Day 1 :
Imperial College London, UK
Time : 09:30-09:55
Emmanuel Mic. Drakakis received the B.Sc. degree (1st Class Honours) in Physics and the M.Phil. degree (1st Class Honours) in Electronic Physics and Radioelectrology from Aristotle University of Thessaloniki, Macedonia, Greece, and the Ph.D. degree in analogue IC design from the Department of Electrical and Electronic Engineering at Imperial College London, U.K. under the supervision of Dr. Alison Payne. During his PhD he was sponsored by the Micro-Electronics Research Center of LM Ericsson-Stockholm (one of eight in the world at the time). Currently he is Reader in Bio-Circuits and Systems in the Department of Bioengineering at Imperial College London. In the Department of Bioengineering he has founded the Bioinspired VLSI Circuits and Systems Group whose research focuses on “Circuits for and from Biology”. He has authored or co-authored a large number (>120) of peer-reviewed journal and conference papers and several book chapters. Dr. Drakakis has received many prizes for research excellence and is involved in several cross-disciplinary research projects. In the past he has served as Guest Ass.Editor for IET El.Letters and as Subject Editor for the International Journal of Electronics – Taylor & Francis. He has also served as an Associate Editor in IEEE publications, including TCAS1 and TCAS2. He is currently an Associate Editor for IEEE Transactions on Biomedical Circuits and Systems and an Associate Editor for Frontiers in Neuromorphic Engineering.
The physics-dictated sub-threshold operation of MOS transistors can lead to ultra-low-power designs but is also governed by a challenging exponential characteristic. This talk will elucidate how to view such a non-linearity as an asset and how to exploit it by treating it as a powerful computational primitive which can lead to the systematic realisation of non-linear dynamics dictated by biology. We will present a method for the systematic implementation of ultra low power microelectronic circuits aimed at computing nonlinear cellular and molecular dynamics. Several examples of systematic computation of non-linear cellular and molecular dynamics by means of ultra-low-power microelectronic cytomimetic circuits will be elaborated: glycolytic oscillations, nonlinear intracellular calcium oscillations and a gene-protein regulatory system model. Proof-of-concept results from a 1 microwatt cytomimetic prototype chip emulating the complex non-linear mammalian cell cycle dynamics will be reported.
Columbia University, USA
Keynote: Integration of next-generation sequencing data with analytical chemistry, structural biology and cell biology
Time : 09:55-10:20
Peter L. Nagy received his MD degree from the University of Pecs, Hungary in 1989. His interest to pursue a career as a physician scientist led him to Purdue University where he earned his Ph.D. in Biochemistry.He worked under the mentorship of Dr. Howard Zalkin and made important discoveries relating to C1-metabilism in bacteria. Subsequently he completed Anatomic and Molecular Genetic Pathology training and Stanford University as well as postdoctoral training in Michael Cleary’s laboratory. He was the first to purify and functionally characterize the Set1 histone methyltransferase complex from S. cerevisiae in collaboration with Dr. Roger Kornberg. He co-developed the FAIRE method with Jason Lieb allowing physical fractionation of chromatin based on formaldehyde crosslinkability. Currently he leads a research laboratory investigating the role of transcriptional defects in neurodegenerative diseases, such as AOA2 and ALS4, and is director of the clinical next-generation sequencing facility in the Laboratory of Personalized Genomic Medicine at Columbia University Medical Center in the Department of Pathology and Cell Biology.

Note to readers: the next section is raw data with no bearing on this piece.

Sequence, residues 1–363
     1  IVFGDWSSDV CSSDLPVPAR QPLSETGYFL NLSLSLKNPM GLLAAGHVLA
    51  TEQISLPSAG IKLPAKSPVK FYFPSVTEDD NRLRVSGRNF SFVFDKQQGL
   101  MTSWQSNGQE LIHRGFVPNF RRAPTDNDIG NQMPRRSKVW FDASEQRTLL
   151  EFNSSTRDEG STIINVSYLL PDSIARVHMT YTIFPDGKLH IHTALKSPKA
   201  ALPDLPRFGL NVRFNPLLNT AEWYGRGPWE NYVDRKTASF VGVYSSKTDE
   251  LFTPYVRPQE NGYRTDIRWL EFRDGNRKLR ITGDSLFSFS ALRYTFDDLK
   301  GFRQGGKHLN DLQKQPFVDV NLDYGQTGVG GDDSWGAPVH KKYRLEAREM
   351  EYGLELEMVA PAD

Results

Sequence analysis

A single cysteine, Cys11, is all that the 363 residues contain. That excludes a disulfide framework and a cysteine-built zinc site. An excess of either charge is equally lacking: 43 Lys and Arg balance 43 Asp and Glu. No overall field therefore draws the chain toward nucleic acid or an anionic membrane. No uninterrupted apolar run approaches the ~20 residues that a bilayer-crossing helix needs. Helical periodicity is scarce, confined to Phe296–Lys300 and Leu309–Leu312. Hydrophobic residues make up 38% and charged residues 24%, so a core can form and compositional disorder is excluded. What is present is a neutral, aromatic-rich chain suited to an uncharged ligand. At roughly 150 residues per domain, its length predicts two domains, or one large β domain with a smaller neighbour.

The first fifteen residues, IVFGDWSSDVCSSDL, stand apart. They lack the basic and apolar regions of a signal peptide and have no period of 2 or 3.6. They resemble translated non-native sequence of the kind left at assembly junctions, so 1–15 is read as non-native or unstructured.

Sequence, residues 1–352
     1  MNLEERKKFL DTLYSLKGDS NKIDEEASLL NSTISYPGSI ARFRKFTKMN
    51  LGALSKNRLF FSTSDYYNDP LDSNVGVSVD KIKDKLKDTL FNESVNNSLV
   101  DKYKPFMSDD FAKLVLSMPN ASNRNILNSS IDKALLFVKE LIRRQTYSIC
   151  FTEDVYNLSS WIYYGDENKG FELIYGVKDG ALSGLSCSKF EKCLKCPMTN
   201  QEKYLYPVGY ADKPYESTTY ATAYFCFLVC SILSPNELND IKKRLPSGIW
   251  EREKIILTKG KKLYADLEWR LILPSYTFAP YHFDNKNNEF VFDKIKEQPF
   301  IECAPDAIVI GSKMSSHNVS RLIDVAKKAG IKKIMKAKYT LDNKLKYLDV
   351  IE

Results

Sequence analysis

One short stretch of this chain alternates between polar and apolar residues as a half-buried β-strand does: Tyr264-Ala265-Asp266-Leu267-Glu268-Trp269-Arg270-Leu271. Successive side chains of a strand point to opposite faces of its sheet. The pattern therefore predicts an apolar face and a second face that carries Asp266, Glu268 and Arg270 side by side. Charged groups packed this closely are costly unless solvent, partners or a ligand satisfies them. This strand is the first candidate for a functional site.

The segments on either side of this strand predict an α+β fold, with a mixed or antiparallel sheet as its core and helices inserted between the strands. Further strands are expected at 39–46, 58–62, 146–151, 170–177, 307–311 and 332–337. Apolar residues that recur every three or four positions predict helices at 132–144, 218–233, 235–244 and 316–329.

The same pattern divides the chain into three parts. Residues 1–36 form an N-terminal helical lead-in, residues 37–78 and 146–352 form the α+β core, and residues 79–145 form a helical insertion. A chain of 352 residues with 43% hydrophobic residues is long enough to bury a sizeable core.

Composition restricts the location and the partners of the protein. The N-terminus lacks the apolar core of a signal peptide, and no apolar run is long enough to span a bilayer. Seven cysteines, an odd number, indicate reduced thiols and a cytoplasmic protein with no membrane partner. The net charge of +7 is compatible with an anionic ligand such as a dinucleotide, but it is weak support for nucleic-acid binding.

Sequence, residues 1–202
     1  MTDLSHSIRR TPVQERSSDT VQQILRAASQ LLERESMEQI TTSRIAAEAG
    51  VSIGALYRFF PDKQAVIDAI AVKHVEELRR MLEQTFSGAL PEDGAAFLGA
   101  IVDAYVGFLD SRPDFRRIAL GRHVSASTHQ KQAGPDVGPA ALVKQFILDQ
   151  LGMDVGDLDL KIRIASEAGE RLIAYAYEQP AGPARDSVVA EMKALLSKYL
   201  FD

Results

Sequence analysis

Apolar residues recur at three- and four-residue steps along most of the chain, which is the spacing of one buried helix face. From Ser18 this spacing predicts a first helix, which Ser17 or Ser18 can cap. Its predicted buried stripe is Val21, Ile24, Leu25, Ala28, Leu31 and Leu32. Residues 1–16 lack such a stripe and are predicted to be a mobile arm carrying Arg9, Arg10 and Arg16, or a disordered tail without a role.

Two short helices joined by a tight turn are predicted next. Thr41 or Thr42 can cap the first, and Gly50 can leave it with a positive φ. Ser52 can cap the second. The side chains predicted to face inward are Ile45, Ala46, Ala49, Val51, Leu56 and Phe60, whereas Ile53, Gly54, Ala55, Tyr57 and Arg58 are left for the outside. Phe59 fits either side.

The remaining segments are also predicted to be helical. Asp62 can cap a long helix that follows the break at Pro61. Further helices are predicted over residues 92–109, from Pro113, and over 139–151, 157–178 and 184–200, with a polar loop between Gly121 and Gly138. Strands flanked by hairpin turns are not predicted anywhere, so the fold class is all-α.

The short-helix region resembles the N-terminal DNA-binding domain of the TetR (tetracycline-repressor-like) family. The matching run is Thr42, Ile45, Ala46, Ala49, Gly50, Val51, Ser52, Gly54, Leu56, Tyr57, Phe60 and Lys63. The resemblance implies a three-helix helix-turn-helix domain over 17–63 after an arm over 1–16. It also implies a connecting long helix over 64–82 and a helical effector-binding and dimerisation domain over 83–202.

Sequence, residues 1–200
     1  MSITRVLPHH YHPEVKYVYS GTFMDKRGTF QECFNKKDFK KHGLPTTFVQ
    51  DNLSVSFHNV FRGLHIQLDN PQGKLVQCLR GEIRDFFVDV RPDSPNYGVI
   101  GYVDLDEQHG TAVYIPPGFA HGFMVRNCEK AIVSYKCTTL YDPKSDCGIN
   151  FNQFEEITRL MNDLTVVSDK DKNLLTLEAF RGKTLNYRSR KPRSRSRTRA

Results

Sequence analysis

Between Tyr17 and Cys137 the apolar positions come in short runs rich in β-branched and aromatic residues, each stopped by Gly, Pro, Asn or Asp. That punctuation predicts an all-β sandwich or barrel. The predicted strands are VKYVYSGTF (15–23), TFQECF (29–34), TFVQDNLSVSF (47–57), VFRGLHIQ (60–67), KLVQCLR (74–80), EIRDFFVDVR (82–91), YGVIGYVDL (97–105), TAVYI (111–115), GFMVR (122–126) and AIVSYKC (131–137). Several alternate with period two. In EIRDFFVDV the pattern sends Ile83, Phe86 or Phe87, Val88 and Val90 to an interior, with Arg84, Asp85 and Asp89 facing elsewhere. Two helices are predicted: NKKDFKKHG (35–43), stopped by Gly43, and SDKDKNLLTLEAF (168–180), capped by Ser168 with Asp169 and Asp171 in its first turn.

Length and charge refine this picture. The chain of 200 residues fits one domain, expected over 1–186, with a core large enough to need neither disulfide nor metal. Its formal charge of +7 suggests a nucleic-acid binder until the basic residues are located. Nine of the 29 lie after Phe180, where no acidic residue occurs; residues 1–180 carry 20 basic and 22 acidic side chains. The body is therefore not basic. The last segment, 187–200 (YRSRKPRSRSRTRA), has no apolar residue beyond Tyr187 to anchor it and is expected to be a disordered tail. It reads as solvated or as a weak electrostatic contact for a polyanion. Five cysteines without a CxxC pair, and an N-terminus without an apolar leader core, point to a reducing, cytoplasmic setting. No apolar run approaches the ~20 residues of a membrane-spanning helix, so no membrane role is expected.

Next-generation sequencing in the clinical practice allows for a critical review of the literature describing the pathogenicity of specific mutations or the disease relatedness of specific genes and also provides an important discovery tool for new disease genes and disease causing mutations. Because of the large volume and complex nature of the data obtained from large panels and whole exome sequencing testing, the management of the data in a transparent, yet powerful analytical framework is key to a successful clinical operation. Population allele frequency, data from parents and precise, yet concise phenotypic description are the cornerstone for successful clinical evaluation of the pathogenicity of variants identified. The full potential for discovery of new disease associated genes and disease causing mutations can only be realized if there is a tight collaborative effort between the clinicians performing the interpretation and structural biologists and analytical chemists and cell biologists who can help predict and verify the effects of variants identified. My presentation will focus on the need to foster and strengthen this multidirectional information flow. I will review the resources that are already available and propose ways to improve them through integrating new data types or design of more user-friendly interfaces.